Integrated Evaluation of Smoke Exposure, Health Impacts and User Satisfaction of an Improved Cookstove Intervention, 2012.
Alexander, Donee. Thesis (Ph.D.)–University of Washington, 2012.
To date, no standard questionnaire exists to evaluate respiratory health related to improved cookstove intervention, and few studies evaluating the health effects of indoor air pollution have conducted spirometry or blood pressure measurements in their assessment. Moreover, studies that have evaluated the associations between improved lung function and blood pressure, and cookstove interventions have yielded inconsistent results. Research has shown that improved biomass cookstoves with ventilation systems significantly reduce exposure to indoor air pollution. However, experience in community development has shown that improved technology does not guarantee usage.
Through an iterative process, this research sought to design a stove that met both technical criteria of efficiency and emissions and was well accepted by users. The study also evaluated the pulmonary and cardiovascular health effects of an improved cookstove technology on indigenous women living in rural Bolivia. Based on random home visits and post-intervention questionnaire responses, over 90% of users adopted the improved cookstove technology. Reductions of approximately 80% were seen for 24-hour mean CO and PM levels, as well as mean cooking and peak PM levels one year post-intervention.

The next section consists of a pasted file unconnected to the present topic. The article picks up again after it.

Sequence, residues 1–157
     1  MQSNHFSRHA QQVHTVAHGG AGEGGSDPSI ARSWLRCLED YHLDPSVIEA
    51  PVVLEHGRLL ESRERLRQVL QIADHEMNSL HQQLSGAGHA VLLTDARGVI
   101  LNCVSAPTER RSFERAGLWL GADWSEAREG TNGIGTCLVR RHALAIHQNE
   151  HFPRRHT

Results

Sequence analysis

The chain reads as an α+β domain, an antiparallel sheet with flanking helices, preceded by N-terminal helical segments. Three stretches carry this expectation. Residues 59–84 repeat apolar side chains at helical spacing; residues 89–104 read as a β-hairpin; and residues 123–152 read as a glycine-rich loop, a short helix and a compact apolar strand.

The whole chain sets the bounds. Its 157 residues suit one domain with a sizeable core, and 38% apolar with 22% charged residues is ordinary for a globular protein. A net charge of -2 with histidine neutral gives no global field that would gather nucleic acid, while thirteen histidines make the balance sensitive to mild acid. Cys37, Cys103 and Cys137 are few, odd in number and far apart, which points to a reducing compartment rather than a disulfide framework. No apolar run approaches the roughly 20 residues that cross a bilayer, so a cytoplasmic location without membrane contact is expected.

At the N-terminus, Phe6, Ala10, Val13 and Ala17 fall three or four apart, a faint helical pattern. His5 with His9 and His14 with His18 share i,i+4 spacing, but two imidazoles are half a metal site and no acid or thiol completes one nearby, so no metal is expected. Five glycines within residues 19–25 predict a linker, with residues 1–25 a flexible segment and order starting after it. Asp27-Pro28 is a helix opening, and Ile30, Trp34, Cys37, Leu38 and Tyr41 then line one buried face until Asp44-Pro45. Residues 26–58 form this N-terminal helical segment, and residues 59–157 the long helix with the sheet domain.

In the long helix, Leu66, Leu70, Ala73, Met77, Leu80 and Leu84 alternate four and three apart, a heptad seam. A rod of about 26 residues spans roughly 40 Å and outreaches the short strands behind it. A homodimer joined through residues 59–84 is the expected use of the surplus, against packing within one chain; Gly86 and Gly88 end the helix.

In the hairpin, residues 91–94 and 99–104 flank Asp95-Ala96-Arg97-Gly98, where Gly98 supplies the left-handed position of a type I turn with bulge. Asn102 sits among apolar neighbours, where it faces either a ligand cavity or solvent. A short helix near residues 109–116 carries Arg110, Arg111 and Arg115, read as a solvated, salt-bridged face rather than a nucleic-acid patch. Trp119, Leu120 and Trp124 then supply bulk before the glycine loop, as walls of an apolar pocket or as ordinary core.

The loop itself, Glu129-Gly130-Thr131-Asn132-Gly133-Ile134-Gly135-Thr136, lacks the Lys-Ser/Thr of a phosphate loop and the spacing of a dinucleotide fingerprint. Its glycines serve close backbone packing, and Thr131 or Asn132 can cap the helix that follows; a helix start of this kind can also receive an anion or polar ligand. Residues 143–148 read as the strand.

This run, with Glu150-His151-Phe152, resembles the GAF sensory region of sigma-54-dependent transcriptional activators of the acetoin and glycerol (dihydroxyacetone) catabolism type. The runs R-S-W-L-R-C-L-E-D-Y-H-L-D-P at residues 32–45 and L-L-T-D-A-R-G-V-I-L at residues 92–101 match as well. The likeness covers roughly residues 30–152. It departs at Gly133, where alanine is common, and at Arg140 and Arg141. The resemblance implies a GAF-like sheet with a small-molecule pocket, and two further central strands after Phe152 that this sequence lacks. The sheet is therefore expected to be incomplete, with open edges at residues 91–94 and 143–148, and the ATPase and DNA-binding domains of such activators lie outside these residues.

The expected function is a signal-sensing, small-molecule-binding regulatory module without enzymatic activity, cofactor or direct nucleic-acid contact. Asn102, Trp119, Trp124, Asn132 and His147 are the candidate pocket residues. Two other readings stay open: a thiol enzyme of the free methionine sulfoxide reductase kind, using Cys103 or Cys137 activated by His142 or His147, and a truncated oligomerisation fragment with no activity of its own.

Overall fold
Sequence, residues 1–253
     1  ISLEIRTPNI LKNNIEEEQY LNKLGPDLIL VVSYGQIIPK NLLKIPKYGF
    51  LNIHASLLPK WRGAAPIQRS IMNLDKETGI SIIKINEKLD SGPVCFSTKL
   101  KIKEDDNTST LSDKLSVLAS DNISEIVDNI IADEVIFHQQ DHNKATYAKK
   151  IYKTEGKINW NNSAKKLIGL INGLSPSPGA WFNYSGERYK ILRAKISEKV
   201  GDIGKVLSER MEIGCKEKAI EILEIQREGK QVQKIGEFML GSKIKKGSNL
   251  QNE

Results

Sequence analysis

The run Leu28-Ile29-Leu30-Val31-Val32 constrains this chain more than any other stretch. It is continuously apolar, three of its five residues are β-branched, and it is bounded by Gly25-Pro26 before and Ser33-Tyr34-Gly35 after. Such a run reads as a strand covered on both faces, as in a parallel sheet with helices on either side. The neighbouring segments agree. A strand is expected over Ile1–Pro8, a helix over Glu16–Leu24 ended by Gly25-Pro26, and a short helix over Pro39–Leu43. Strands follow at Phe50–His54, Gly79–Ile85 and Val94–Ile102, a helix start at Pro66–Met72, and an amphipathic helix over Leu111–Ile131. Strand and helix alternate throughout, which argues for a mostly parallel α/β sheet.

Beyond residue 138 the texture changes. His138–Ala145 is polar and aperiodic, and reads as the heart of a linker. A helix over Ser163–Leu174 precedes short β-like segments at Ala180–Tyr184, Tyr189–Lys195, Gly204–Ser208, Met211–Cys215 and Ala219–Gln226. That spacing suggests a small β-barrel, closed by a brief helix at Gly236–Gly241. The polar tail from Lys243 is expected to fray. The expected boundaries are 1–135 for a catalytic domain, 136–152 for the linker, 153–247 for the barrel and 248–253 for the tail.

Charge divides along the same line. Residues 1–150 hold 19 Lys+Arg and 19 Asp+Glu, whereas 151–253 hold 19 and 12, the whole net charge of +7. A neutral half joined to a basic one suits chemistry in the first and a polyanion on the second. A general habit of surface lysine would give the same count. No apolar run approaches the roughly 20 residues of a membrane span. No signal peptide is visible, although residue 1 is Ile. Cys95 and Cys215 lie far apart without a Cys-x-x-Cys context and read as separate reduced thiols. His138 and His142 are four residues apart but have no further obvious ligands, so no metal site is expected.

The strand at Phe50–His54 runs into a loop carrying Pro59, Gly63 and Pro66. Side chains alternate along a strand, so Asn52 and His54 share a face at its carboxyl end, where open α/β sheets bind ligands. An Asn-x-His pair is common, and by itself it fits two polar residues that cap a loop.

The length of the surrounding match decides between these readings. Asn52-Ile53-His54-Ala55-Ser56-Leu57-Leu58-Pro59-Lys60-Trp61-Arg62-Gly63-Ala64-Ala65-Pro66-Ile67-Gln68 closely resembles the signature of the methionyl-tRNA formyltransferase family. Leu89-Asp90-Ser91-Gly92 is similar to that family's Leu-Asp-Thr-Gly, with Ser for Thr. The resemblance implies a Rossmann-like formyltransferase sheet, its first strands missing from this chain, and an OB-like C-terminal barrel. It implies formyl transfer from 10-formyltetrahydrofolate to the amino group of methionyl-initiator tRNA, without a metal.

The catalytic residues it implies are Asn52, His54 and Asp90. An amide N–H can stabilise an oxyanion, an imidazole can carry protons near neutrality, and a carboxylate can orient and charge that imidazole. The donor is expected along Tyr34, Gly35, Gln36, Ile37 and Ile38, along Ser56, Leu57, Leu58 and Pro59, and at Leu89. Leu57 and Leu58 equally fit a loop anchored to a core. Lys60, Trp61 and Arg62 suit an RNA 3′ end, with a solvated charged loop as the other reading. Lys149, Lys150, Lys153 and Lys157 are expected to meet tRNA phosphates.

Yanayo stove implementation resulted in significantly improved (lower) St. George’s Repiriatory Quality of Life (SGRQ) Total scores as well as Activity and Impact scores. Overall differences in pre- and post-intervention SGRQ Symptoms scores were not statistically significant. However, a number of individual question scores in this category were significantly lower in women post-implementation of the Yanayo stove.
Mean improvements of FEV1 from 1.95 L (± 0.6) to 2.15 L (± 0.7), p < 0.005 were seen post-intervention. Improvements in FVC and FEV1/FVC were also seen, but these changes were not significant. Mean systolic blood pressure (SBP) decreased from 114.5 mm Hg (± 13) to 109.0 mm Hg (± 9), (p = 0.014). Decreases in diastolic blood pressure (DBP) were also seen, but these changes were not significant. Decreases in SBP were correlated with 24-hour, mean kitchen PM levels (µg/m3) (R = 0.587, p = 0.035). Somewhat stronger correlations were found between reductions in cooking PM concentrations (µg/m3) and reductions in both SBP (R = 0.662, p = 0.014) and DBP (R = 0.658, p = 0.014).
This is the first study to observe significant improvements in lung function post implementation of an improved cookstove and the first to find associations between decreases in both 24-hour mean and mean cooking PM levels and decreases in SBP following an improved cookstove intervention.